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GERD



Gastroesophageal reflux disease (GERD) is a condition in which stomach contents, including stomach acid, flows upward into your food pipe (esophagus) usually causing discomfort.

 
  • Overview
  • Action Plan
  • Ask The Doctor
  • Success Stories

Overview


Gastroesophageal reflux disease (GERD) is much more common now than even 25 years ago, especially in North America. Approximately 20% of North Americans experience frequent GERD symptoms,1 which may include:

  • Dry cough
  • Chest pain (burning)
  • Hoarseness or sore throat
  • Sour taste in mouth
  • Sensation of a lump in throat
  • Regurgitation of food/sour liquid

Risk factors for GERD include:

  • Obesity
  • Poor diet
  • Lack of physical activity
  • Tobacco use
  • Alcohol use
  • Overeating
  • Chronic intestinal bloating or constipation

Unfortunately, many end up taking antacid medications on a daily basis in order to control these symptoms. The most commonly used medications, proton pump inhibitors, are not meant to be used chronically, as they may be associated with increased risk of infections, bone loss, interstitial nephritis, and poor absorption of certain dietary nutrients. For the vast majority of those with GERD, there are lifestyle modifications which can prevent and effectively treat this disease. A Nutritarian lifestyle effectively addresses each of the major risk factors. Most who begin changing their diets to a Nutritarian pattern should notice improvements over a few weeks to a few months but may depend on other factors, such as how long it may take to reach a more favorable weight.

 
References
  1. Rubenstein JH, Chen JW. Epidemiology of gastroesophageal reflux disease. Gastroenterol Clin North Am 2014, 43:1-14.

Action Plan


Diet

A Nutritarian eating style is the appropriate method for reducing gastroesophageal reflux disease (GERD) symptoms over time.

Foods that need to be reduced or eliminated for best results include:

  • Refined grains (pastas, breads, cakes, etc.)
  • Refined sugars/concentrated sweeteners
  • Alcohol
  • Fatty meals (high oil, cheese, spreads)
  • Carbonated/caffeinated drinks
  • Animal products (meats, dairy, etc.)
  • Spicy foods

For some, following a temporary (1-2 months) lower-acid version of the Nutritarian diet may be helpful if the general changes in diet aren’t effectively reducing GERD symptoms. Reducing the following foods temporarily, followed by gradually re-introducing them in small amounts over time as tolerated may be helpful:

  • Tomato sauce
  • Vinegars
  • Berries, plums, cherries, and citrus fruit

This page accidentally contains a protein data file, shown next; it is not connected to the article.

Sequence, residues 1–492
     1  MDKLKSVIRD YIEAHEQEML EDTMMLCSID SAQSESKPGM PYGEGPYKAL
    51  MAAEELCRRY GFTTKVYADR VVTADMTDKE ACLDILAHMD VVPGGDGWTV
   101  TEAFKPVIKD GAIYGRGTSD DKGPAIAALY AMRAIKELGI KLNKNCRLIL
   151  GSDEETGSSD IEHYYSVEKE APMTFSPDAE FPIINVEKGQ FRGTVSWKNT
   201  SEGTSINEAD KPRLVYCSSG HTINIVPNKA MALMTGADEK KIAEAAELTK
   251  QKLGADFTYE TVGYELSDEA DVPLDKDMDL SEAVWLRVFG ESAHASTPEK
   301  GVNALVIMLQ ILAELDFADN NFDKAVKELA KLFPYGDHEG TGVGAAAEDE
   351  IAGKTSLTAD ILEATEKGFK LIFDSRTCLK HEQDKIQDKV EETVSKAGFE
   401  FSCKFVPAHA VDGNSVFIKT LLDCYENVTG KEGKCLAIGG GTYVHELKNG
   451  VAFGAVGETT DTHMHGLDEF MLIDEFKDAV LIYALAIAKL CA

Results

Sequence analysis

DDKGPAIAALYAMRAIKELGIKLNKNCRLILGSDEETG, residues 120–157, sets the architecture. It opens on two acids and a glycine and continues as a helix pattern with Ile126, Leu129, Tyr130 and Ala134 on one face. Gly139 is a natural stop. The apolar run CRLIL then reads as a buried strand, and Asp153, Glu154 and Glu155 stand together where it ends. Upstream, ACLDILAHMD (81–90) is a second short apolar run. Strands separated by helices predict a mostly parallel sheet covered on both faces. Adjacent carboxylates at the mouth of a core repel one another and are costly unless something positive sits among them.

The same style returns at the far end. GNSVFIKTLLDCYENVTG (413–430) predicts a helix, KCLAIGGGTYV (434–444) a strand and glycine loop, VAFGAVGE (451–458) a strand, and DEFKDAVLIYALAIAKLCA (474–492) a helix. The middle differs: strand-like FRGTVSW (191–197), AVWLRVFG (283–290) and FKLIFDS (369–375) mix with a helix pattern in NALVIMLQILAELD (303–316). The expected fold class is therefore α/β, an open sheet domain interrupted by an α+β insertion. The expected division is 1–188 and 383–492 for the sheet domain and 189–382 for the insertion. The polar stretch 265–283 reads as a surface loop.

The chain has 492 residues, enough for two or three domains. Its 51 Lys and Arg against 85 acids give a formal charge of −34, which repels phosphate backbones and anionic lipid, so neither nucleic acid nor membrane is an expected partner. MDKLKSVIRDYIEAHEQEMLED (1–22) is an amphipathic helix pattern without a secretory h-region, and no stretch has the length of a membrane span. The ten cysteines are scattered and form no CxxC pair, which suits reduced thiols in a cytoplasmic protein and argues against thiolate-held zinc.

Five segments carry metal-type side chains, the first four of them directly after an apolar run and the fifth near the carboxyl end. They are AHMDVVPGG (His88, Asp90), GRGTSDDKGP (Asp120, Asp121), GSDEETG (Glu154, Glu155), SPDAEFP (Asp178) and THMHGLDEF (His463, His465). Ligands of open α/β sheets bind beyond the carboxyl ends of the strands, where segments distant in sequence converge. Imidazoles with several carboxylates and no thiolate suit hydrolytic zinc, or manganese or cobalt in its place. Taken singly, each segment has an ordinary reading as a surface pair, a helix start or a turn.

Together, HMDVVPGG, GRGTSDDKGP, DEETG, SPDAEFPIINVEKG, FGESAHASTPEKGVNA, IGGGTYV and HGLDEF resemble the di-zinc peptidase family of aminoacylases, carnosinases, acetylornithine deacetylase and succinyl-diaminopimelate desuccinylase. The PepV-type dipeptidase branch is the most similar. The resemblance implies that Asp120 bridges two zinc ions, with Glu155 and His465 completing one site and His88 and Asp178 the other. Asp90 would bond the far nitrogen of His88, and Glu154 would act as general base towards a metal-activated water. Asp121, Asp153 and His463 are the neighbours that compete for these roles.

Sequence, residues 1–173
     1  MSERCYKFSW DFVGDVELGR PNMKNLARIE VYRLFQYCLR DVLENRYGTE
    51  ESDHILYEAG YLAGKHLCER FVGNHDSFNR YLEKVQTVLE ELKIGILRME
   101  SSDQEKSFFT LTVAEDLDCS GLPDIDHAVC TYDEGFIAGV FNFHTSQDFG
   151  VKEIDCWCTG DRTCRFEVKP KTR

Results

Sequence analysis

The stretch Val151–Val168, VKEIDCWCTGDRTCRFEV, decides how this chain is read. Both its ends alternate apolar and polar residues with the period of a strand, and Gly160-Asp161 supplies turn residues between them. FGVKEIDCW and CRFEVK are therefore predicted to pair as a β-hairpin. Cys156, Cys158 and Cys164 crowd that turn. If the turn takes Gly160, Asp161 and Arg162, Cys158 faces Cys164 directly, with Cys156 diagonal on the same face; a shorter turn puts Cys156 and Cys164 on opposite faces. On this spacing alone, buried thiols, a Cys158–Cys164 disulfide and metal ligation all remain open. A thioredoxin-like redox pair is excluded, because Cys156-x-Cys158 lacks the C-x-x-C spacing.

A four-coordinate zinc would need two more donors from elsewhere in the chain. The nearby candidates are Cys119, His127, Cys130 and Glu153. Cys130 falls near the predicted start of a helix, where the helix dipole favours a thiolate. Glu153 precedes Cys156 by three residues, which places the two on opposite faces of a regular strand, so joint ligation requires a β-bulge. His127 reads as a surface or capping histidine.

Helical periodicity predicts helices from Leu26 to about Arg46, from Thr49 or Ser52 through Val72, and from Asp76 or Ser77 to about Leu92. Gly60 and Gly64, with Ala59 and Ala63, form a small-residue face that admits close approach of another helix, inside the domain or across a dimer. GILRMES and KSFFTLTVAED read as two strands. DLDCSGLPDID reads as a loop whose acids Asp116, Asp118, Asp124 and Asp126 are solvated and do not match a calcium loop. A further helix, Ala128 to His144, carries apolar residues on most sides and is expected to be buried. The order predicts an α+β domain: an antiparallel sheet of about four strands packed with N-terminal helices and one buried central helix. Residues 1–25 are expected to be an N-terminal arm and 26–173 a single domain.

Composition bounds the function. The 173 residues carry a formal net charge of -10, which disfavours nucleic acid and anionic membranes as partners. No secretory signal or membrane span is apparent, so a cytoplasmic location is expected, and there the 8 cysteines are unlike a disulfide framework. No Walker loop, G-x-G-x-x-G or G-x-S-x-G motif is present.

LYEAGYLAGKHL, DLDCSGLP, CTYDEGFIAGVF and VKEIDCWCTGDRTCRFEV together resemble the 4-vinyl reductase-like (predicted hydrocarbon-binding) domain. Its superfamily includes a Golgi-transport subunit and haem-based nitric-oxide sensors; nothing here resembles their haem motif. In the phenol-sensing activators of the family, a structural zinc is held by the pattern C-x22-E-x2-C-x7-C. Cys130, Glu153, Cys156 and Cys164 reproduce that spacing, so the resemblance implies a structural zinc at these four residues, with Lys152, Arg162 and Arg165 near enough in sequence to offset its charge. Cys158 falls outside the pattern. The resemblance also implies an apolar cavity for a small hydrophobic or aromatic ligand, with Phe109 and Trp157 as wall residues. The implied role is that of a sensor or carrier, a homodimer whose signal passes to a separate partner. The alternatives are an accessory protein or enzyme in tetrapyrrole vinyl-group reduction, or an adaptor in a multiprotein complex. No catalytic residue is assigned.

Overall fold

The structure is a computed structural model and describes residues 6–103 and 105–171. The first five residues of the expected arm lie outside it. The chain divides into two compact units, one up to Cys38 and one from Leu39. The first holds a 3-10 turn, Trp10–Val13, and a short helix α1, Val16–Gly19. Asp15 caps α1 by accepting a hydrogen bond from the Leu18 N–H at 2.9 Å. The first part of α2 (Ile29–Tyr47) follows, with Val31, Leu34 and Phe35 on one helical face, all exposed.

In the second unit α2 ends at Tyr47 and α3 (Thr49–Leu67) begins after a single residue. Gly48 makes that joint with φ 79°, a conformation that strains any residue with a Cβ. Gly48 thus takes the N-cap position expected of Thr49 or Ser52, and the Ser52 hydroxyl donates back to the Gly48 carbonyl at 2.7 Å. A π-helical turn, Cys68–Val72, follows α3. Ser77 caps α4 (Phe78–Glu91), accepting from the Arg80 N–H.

Overeating on unhealthy and healthy food alike past the point of fullness may also bring on symptoms of GERD, so make sure to stop when you are satisfied and before you are overly full.

Reducing or eliminating animal product consumption can reduce acid secretion and increase transit time.

Reaching a more favorable weight

A Nutritarian lifestyle should automatically help you reach an ideal weight over time, which is associated with low risk of GERD. Even a moderate amount of weight loss in this direction is often sufficient to relieve symptoms. Weight reduction is important to have less internal fat around our abdomen, so there is less internal pressure on the stomach, which can lead to leakage of acid into the esophagus, among other reasons.

Medication

If on a proton pump inhibitor, stopping the medication suddenly can spike a rebound of excess acid, so work with your doctor to gradually wean down on the dose and/or switch to a H2 blocker, which is helpful.

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Ask The Doctor


The following are sample questions from the Ask the Doctor Community Platinum and higher members can post their health questions directly to Dr. Fuhrman. (All members can browse questions and answers.)

Q.

I have a severe case of GERD and will be having my second endoscopy shortly. I am taking 20mg of Asiphex twice a day, and I was instructed to be on a bland diet until the endoscopy to control the intense burning. I am just starting a Nutritarian diet. What should I do to modify it to a "bland diet"?

A.

Eating a "bland" diet will just perpetuate the problem, as GERD is promoted by lack of micronutrients on the typical low nutrient diet. I would postpone or cancel the endoscopy now, and use the next three months to revamp your body chemistry with a totally different nutritional approach. The health and the ability of the lining of the esophagus and stomach to resist inflammation is enhanced by the consumption of raw cruciferous vegetables and their juices, so take a proactive approach.

Your diet should include green juices, blended salads, steamed greens, and soups, but everything should be chewed to a liquid before swallowing. You also should be taking extra Vitamin D. The most important thing, of course, is no oil, sweets, baked goods or animal products. Let this be the start of a new you. Keep me posted how you are doing every few weeks and record everything you eat.

 
Q.

As I work to relieve my GERD condition, I have realized that it may stem from other digestive issues. I have a lot of gas and bloating, and it feels like food just sits in my stomach.

What can I do to naturally promote gastric emptying? I am trying to eat small meals so my stomach doesn’t have as much to handle.

A.

Of course, GERD is best treated with the right diet, chewing well, and not overeating, so I hope you are already following my dietary advice. Animal products, because of their high levels of protein, delay gastric emptying, as does oil, so stick to a mostly vegan-style Nutritarian diet.

Continue to eat small meals, avoiding refined foods, tea, coffee, chocolate, soda, alcohol, and dairy. Do not eat three hours before bed. Raise the head of your bed eight inches so your chest is elevated, not just your head.